Commentary: FCC report details fall of state, local news but offers wrong solution
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Published: 27-Jun-2011

Earlier this month, the Federal Communications Commission issued a report on the state of journalism in the technological age. The year- long study is based on interviews with 600 journalists, scholars and industry leaders. Among its many findings is that newsrooms are no 
longer equipped to cover local and state governments.
 
The report blames the shrinking of the newsroom for many of the problems facing journalism. The FCC study showed that newspapers and TV news networks across the nation have halved the staff they had in the 1980s. And those reporters are now forced to produce in “the hamster wheel,” where reporters must rush to tell the news without time or resources to dig deeper. According to the FCC, reporters “have less time to discover the stories lurking in the shadows or to unearth the information that powerful institutions want to conceal.”

One of the recommendations made by the FCC is a state-based version of C-SPAN. This STATE-SPAN would provide wall-to-wall coverage of local government and allow the public to hear the debates and see the votes coming from their state capitols. Although this would increase access, it remains to be seen if the public is interested in this. For STATE- SPAN, who would explain why a state or local legislative action matters? Veteran journalists know that most major decisions are made behind the scenes, long before an issue comes before a council or legislature.

The other big question is who would fund this venture? The cable television industry funds C-SPAN as a public service, but who could step up to provide such access in all fifty states?

Instead of beginning a risky venture like STATE-SPAN or allowing government to intervene in the journalism business, the FCC should look at new journalism initiatives that are covering local and state government effectively. Many of these organizations are nonprofit organizations operating solely online but breaking news in the mainstream media.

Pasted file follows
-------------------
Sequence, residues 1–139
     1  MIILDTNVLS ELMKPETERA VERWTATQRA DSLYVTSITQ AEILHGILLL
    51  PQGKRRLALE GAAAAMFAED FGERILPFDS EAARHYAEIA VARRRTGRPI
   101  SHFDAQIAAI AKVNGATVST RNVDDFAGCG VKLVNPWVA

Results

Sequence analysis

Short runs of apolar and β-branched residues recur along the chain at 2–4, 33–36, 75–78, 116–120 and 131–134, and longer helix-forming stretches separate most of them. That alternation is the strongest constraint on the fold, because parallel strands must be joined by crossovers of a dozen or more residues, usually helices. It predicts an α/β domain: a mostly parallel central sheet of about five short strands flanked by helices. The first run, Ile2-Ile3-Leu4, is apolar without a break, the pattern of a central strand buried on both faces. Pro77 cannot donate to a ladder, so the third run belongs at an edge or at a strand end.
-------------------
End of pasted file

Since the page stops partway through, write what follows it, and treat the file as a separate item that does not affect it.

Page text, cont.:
Online, nonprofit journalism organizations are filling a void that traditional news media no longer can. Although news organization startups are increasing, many of these nonprofits have been around for decades and are focusing on local stories. Some of the nonprofit
journalism organizations serve as watchdogs for government, Wall Street and the media itself. Some serve as explanatory journalists, who have the space and time to elucidate the complex details of issues that newspapers and television cannot. But regardless of their mission, they are providing a desperately needed service to the American people.

As further proof of the strength in online journalism organizations, numerous straight-shooting, frustrated journalists are leaving traditional newsrooms and joining these online newsrooms. These organizations provide journalists the opportunity to investigate and reemerge as the news beat reporters of yesteryear. In the last year alone, Howard Kurtz, Peter Goodman, Jim VandeHei, and Richard Johnson have voluntarily exited the legacy media to join the online news arena.

The FCC is correct on many of the points made in their report. Journalism is struggling. State and local news will disappear unless more news organizations step up and begin covering that beat. We hope more organizations hear the urgent calling of this FCC report and begin producing state and local news content that will keep voters informed.

Editor's Note: Jason Stverak is the President of the Franklin Center for Government and Public Integrity, which provides investigative reporters and non- profit organizations at the state and local level with training, expertise, and technical support. For more information on the Franklin Center please visit www.FranklinCenterHQ.org. 

The Franklin Center, with which CapitolBeatOK.com is affiliated, has two national news websites. To check out the investigative news site please visit Watchdog.org. To get the latest state capitol news please visit StateHouseNewsOnline.com.

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